How to Play Up Your Business’ Strengths
In order to get others to listen to what you have to say and have faith in your products and services, you need to be able to convey what makes you credible. However, to keep others from getting turned off, it can’t sound like you’re bragging. Top copywriters and marketers are able to weave massive amounts of credibility into their copy without ever sounding like they’re bragging. Here’s how it’s done.
==> Use the Art of Storytelling
There’s a lot you can say in the context of telling a story that can’t be stated otherwise.
You could tell a story about how you and your friend, the former CTO of Google, came up with a brilliant concept for helping employees increase productivity. You share the technique and the expected results and teach it to your audience.
If you hadn’t used a story, it would have sounded presumptuous to say that you’re friends with the former CTO of Google. But in the context of a story, it becomes a helpful tidbit that still carries a great deal of credibility with it.
==> Sprinkle Rather Than Pour
Instead of trying to dump all your credibility factors on your audience all at once, learn to sprinkle.
Drop a fact here, then allude to another factor there. Mention an incredible result in one blog post, then move on. Briefly touch on an influential friend on another page, and don’t make a big deal out of it.
In other words, just drop subtle hints that you know what you’re talking about, then move on. Don’t try to prove anything, and don’t “pile on” credibility points.
The one exception is your bio page. When people are reading your bio page, they explicitly want to know about you and who you are. On your bio page, go all out and share all your credibility factors, along with other facts about yourself they may want to know.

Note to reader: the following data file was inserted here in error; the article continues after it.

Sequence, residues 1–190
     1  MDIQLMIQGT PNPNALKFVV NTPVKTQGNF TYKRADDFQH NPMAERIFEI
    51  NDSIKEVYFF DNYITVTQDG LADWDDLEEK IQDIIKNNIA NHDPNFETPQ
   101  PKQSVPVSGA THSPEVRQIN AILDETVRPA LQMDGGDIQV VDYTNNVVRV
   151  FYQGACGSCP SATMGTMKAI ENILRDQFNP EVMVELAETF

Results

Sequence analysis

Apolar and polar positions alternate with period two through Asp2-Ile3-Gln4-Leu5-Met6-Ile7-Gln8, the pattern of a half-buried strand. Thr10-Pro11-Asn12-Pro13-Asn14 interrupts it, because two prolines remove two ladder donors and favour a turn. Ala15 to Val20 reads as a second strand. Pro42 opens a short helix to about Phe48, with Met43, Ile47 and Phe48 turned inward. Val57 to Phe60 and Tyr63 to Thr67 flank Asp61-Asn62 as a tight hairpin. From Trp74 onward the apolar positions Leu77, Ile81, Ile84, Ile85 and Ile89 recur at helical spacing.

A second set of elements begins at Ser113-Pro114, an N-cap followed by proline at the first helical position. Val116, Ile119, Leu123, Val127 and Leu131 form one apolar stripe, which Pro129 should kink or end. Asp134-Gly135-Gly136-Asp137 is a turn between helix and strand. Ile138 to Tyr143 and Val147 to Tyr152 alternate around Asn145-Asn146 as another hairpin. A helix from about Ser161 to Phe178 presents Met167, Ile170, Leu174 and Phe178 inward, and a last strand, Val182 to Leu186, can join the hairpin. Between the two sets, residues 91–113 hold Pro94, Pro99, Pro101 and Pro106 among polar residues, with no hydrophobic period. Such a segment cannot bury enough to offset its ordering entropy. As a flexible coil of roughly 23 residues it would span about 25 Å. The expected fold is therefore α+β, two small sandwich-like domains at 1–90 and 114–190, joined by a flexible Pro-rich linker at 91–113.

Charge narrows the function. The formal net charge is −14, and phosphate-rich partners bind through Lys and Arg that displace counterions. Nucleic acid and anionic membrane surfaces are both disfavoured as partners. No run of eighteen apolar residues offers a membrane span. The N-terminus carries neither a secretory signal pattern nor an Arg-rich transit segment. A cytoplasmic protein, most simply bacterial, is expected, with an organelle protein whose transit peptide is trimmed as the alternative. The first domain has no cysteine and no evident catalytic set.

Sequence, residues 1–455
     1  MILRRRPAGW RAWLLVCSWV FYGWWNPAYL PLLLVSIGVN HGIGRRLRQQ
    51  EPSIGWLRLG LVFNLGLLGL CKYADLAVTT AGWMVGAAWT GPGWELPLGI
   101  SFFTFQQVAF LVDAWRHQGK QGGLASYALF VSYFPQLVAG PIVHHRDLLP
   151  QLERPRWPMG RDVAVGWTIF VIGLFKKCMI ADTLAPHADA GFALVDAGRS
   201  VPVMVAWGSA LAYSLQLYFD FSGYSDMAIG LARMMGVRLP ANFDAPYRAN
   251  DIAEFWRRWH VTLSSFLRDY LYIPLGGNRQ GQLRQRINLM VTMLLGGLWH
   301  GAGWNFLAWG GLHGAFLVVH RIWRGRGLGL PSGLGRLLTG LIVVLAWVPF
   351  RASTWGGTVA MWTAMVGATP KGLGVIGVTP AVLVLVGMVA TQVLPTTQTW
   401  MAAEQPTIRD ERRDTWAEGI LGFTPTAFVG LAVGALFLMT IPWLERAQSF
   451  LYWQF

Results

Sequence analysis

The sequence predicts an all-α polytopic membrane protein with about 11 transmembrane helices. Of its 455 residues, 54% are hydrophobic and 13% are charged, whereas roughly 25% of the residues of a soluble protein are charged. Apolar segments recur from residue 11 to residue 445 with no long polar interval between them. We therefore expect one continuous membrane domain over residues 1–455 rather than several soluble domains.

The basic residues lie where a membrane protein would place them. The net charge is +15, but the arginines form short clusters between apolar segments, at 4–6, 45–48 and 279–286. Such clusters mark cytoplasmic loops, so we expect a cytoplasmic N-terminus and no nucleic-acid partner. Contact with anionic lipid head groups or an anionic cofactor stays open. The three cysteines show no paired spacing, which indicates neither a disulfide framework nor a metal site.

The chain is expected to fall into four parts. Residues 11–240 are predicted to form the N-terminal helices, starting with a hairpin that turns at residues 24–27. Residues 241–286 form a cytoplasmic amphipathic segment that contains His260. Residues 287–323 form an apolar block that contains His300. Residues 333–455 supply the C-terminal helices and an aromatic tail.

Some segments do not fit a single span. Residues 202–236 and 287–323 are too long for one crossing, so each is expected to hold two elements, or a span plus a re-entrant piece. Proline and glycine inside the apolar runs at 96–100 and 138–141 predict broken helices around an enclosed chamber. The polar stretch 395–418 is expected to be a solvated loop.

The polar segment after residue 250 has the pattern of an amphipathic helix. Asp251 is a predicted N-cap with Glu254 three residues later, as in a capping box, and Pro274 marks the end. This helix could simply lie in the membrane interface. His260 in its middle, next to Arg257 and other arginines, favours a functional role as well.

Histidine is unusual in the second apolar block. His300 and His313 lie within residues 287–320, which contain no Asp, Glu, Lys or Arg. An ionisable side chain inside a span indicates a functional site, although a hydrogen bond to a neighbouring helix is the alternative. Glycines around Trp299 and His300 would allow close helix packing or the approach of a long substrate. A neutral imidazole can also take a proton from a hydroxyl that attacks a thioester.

==> Use Images to Build Credibility
Photos not only build more credibility, but they have a way of slipping under the radar. It seems pretentious to tell someone you met the president, but posting an image of you shaking the president’s hand on your website will seem impressive rather than boastful.
- If you’ve ever been in the press, include the press logos on your website, saying “As Seen On …”
- If your company has multiple positive reviews on Glassdoor or Goodfirms, put on their logo. If it’s BBB approved, put on the BBB approved logo.
- If you have before and after photos, put on the before and after photos. If you have a picture of a check, use the image rather than saying how much money you made.
Unless you make it clear why you’re credible, people will be reluctant to purchase from you or listen to your advice. But it’s crucial that you share this credibility using a more subtle method rather than an in-your-face manner.
Now that you know the strategies top copywriters and marketers use to weave massive amounts of credibility into their copy without ever sounding like they’re bragging, it’s time to put them into action when developing your own content.